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Why the Facebook headlines are scarier than the reality

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Shares in Facebook (FB - Free Report) plummeted on Monday after the FTC confirmed that it had opened an investigation into the company’s privacy policies and protection of user data in the wake of the Cambridge Analytica scandal, with the stock trading down more than 7% at the lows before a partial rebound.  This comes on top of a nearly 14% decline in the previous week.  In other damaging news for the company, it was also revealed that Facebook had improperly accessed some phone and text message data from users who used the Facebook mobile app on Android phones.  

This news seems very frightening, both for users who feel that their privacy has been compromised by Facebook’s collection of their data and for investors in the stock - who appear to fear Facebook will lose users, advertisers or both.  In fact, it was users who requested an accounting of what data Facebook had already collected from them (presumably because of the Cambridge Analytica news) who discovered that in some cases their mobile phone data was included.  It has been a painful cascade of negative press items for the stock recently.

Both Fears are Overblown

Let’s start with the user data.  Cambridge Analytica collected reams of user data from Facebook with the object of distilling it for sale to third parties.  They even used a dubious “personality quiz” to harvest the data from users and their friends.  Finally, they appear to have used the data in an attempt to influence voters in the 2016 elections for Cambridge’s political clients, most notably the Trump campaign.  All of this certainly has a distinctly “icky” feel, and a small number of users do appear to be abandoning or deleting their Facebook accounts. In reality, the data collected is not as damaging to users as it might seem.  Everyone who uses Facebook will already be familiar with targeted ads.  (Have you ever searched for “patio furniture” on Google, then logged into Facebook and seen a banner ad for patio furniture?) It’s not a bank account or social security number, it’s just a little information about what you’re interested in and maybe even who your friends are, collected with the intention of selling something, whether the product is a chaise lounge or a political candidate.  It’s not going to cause anyone financial or emotional harm.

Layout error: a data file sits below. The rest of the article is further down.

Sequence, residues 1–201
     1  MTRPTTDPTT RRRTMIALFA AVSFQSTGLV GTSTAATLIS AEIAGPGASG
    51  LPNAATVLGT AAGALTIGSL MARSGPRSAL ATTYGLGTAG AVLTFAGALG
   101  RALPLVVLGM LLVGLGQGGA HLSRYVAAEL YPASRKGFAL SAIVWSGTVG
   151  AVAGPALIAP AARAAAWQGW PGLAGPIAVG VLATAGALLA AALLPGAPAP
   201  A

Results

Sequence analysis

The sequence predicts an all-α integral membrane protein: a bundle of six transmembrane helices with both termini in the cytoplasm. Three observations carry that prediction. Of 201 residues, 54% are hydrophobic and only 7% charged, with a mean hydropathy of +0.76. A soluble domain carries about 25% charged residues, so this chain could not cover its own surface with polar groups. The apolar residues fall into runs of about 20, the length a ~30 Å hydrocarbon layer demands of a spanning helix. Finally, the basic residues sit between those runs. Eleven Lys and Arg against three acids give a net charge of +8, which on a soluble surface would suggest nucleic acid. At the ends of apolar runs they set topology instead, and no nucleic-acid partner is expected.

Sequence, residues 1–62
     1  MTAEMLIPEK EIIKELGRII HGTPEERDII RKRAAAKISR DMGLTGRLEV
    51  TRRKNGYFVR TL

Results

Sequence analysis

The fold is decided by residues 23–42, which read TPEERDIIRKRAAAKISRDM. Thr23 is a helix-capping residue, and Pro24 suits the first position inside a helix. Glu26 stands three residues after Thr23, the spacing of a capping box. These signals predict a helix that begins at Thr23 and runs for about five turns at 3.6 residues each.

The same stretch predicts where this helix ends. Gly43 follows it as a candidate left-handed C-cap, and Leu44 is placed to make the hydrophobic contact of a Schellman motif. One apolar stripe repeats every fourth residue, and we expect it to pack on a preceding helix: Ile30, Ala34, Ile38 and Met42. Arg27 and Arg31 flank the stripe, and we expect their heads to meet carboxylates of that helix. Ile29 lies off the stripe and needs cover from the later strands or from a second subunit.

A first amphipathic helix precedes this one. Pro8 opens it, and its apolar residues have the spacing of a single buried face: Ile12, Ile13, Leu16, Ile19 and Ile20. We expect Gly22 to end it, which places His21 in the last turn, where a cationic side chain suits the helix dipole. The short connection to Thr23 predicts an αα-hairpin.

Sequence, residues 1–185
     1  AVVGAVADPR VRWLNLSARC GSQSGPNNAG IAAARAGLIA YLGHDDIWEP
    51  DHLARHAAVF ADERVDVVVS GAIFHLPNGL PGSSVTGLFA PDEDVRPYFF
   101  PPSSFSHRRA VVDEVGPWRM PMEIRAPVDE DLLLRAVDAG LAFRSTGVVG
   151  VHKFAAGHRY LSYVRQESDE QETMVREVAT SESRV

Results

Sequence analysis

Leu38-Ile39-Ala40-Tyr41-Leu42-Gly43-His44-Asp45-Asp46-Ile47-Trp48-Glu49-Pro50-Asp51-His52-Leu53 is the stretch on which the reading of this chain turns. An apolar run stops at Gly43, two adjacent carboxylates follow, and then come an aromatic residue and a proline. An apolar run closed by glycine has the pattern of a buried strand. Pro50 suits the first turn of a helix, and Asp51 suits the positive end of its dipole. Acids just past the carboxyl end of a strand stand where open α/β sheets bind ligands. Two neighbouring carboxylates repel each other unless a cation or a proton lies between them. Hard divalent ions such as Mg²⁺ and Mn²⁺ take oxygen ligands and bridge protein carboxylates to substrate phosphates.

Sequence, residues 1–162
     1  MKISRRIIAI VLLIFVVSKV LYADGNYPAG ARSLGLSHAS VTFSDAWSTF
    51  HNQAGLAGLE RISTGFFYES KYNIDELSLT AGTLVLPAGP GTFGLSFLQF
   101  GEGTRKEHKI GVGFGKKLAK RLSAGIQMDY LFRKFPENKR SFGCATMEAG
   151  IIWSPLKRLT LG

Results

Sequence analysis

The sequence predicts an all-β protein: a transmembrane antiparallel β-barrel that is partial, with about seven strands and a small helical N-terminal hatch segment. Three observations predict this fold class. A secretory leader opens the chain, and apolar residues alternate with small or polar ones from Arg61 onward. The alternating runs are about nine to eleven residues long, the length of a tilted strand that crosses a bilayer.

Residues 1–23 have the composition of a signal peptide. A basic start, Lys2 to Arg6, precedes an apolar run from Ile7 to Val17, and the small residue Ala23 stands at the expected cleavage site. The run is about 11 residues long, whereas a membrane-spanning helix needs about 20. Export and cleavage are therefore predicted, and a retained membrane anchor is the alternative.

As for the battered Facebook stock price, it seems the selloff has been the product of the frightening headlines creating a short-term trading opportunity for traders rather than based on real expectations for a decline in the long-term financial prospects of the company.  Facebook’s business has enormous inertia – it’s really the only show in town for most of its users and advertisers.  A mass exodus of either group is extremely unlikely.  With the stock down a full 20% from all-time highs less than 2 months ago, this is now a legitimate value opportunity.  With a forward P/E of 22, Facebook has never been cheaper on a valuation basis, and earnings estimates into the future have been steadily revised upward in recent months, resulting in a Zack’s rank of 1, our strongest buy.  This may well be an opportunity to get a market-leading titan at a bargain-basement price, especially on a day when the NASDAQ composite index is up nearly 2%, even with the drag of Facebook’s poor performance.

Facebook, Inc. Price and Consensus

Facebook, Inc. Price and Consensus | Facebook, Inc. Quote




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